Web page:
Case study: Abigail
Thu Dec. 17th 2015
Abigail and her husband led a full, happy life until terminal cancer brought it to an abrupt end. Find out how Cave Financial were able to help Abigail through this traumatic time.
A twist of fate
Abigail and her husband led a full, happy life until terminal cancer brought it to an abrupt end.
Originally from Scotland, Abigail met Peter in South Africa when she was 18. Five years later they were married. In 1997 they came to New Zealand with their two children.
During what should have been a time to dial back the work stress and dial up the good life, the family got some bad news
"Last year in April, 2014, we decided to give my mum a surprise birthday party for her 83rd birthday. That was the night Peter said to me, 'Abigail I don't feel very well'."
A guiding hand
Within a matter of weeks Peter was diagnosed with terminal cancer with a very poor prognosis. It was a big shock for the family and they tried everything to help Peter. Abigail says that one of their lifelines was Fidelity Life and especially Michael Cave, who, Abigail says, was 'just an angel' throughout the whole process.
"I used to get on to Peter over all the years about blinkin' life insurance. I would say to him why are we spending all this money? It's ridiculous. You know? And we'll only get it if somebody dies and when we've gone what does it matter? It's not important."
But Peter's diagnosis changed her opinion. Even if it's a small amount, she says she's realised the great importance of it.
"I was very grateful for that, and I was especially grateful for Michael. His presence had a calming effect on us as a family, and he helped us to really understand where we were at and the support we would get."
Pillar of strength
Abigail found it a great comfort to have an advisor who understood the family's situation. It created a bond of trust that Abigail found invaluable.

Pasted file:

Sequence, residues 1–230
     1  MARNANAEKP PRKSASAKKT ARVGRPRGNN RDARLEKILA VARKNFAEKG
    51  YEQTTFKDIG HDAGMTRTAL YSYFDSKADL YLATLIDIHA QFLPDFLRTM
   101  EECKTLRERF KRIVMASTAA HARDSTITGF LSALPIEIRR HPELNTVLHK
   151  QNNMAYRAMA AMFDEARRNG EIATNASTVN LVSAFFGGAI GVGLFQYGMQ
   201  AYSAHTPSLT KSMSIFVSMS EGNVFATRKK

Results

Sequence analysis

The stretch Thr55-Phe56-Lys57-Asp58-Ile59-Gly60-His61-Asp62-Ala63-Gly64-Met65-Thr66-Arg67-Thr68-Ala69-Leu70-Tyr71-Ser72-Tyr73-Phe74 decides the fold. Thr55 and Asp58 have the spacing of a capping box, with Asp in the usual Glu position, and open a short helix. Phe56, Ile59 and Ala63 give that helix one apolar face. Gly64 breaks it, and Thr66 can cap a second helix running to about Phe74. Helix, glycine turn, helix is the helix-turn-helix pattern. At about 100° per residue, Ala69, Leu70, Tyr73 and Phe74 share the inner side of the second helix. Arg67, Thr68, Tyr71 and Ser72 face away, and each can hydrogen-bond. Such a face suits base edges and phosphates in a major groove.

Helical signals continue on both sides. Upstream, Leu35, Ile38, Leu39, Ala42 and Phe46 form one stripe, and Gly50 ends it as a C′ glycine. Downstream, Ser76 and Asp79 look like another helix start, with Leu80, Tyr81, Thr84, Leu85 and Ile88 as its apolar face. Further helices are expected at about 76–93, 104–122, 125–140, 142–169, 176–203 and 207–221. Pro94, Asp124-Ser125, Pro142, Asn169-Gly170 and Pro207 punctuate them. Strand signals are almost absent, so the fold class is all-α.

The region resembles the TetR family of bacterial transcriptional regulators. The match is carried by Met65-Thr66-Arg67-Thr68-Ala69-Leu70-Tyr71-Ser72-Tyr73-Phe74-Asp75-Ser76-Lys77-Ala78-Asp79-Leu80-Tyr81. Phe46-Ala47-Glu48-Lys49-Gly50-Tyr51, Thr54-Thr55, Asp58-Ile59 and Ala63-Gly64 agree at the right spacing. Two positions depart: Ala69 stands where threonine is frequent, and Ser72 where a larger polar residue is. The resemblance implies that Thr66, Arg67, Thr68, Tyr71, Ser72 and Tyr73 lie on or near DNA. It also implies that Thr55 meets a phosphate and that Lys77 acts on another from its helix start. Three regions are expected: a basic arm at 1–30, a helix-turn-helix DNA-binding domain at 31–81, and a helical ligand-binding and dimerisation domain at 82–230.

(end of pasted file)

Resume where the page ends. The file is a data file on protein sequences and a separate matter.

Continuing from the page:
"Michael was so patient with all our questions, he always had the answers and he never rushed us on anything. And he kept reassuring us that everything would be OK. He did everything, I had no contact with anyone else whatsoever."
Dealing with a terminal illness is no mean feat and emotions were always running high. Passed illnesses hadn't been connected to cancer, so mixed in with grief was disappointment and anger that the diagnosis came so late. The family also disagreed over Peter's treatment.
"But every time Michael stepped into the house he brought with him and peace and calmness that I…I just can't explain it to you but it was so tangible, his presence. And that was fantastic."
Taking care of the details
There was quite a lot of paper work that had to be dealt with, but clearly Peter and Abigail had more important things to focus on. Michael asked if he could come around and meet with them to sort things out and guide them through the process. Abigail says he became a regular visitor and fantastic support to the family, stopping by to pick up documents, and offer his support.
"He constantly made us feel that we would be ok whatever the outcome was going to be."
One of the difficulties Abigail faced was that in NZ the support for terminal illness patients with no income is minimal.
"You don't realise it until it hits you and knocks your feet from under you. Especially when you've got a mortgage and family. Peter had to stop working a few weeks after his diagnosis. Our son stopped working to take care of Peter and our daughter came home to be with us too."
Abigail says that Michael and his team were fantastic and really came through for them, working hard with Peter to get everything sorted within a few months.
"He basically put our needs before anything else. I wouldn't have managed without him. Even afterwards he supported me with the process. All the stuff you don't think about like joint bank accounts and hire purchases. It really is more than a person should have to bear. But Michael was just an angel, he was there."
Thank goodness for insurance
Abigail says they had always had life, trauma and income cover; Peter had insisted on it, something for which Abigail is now grateful for. She says just knowing that the financial side of things was taken care of lifts such a burden.
"Without money, without insurance and an income I wouldn't have been able to do anything. And I would have been left with a huge mortgage. Even now I am heart sore, still getting used to being alone. But I am getting there and I could never have got this far without the support and comfort I received from Michael."
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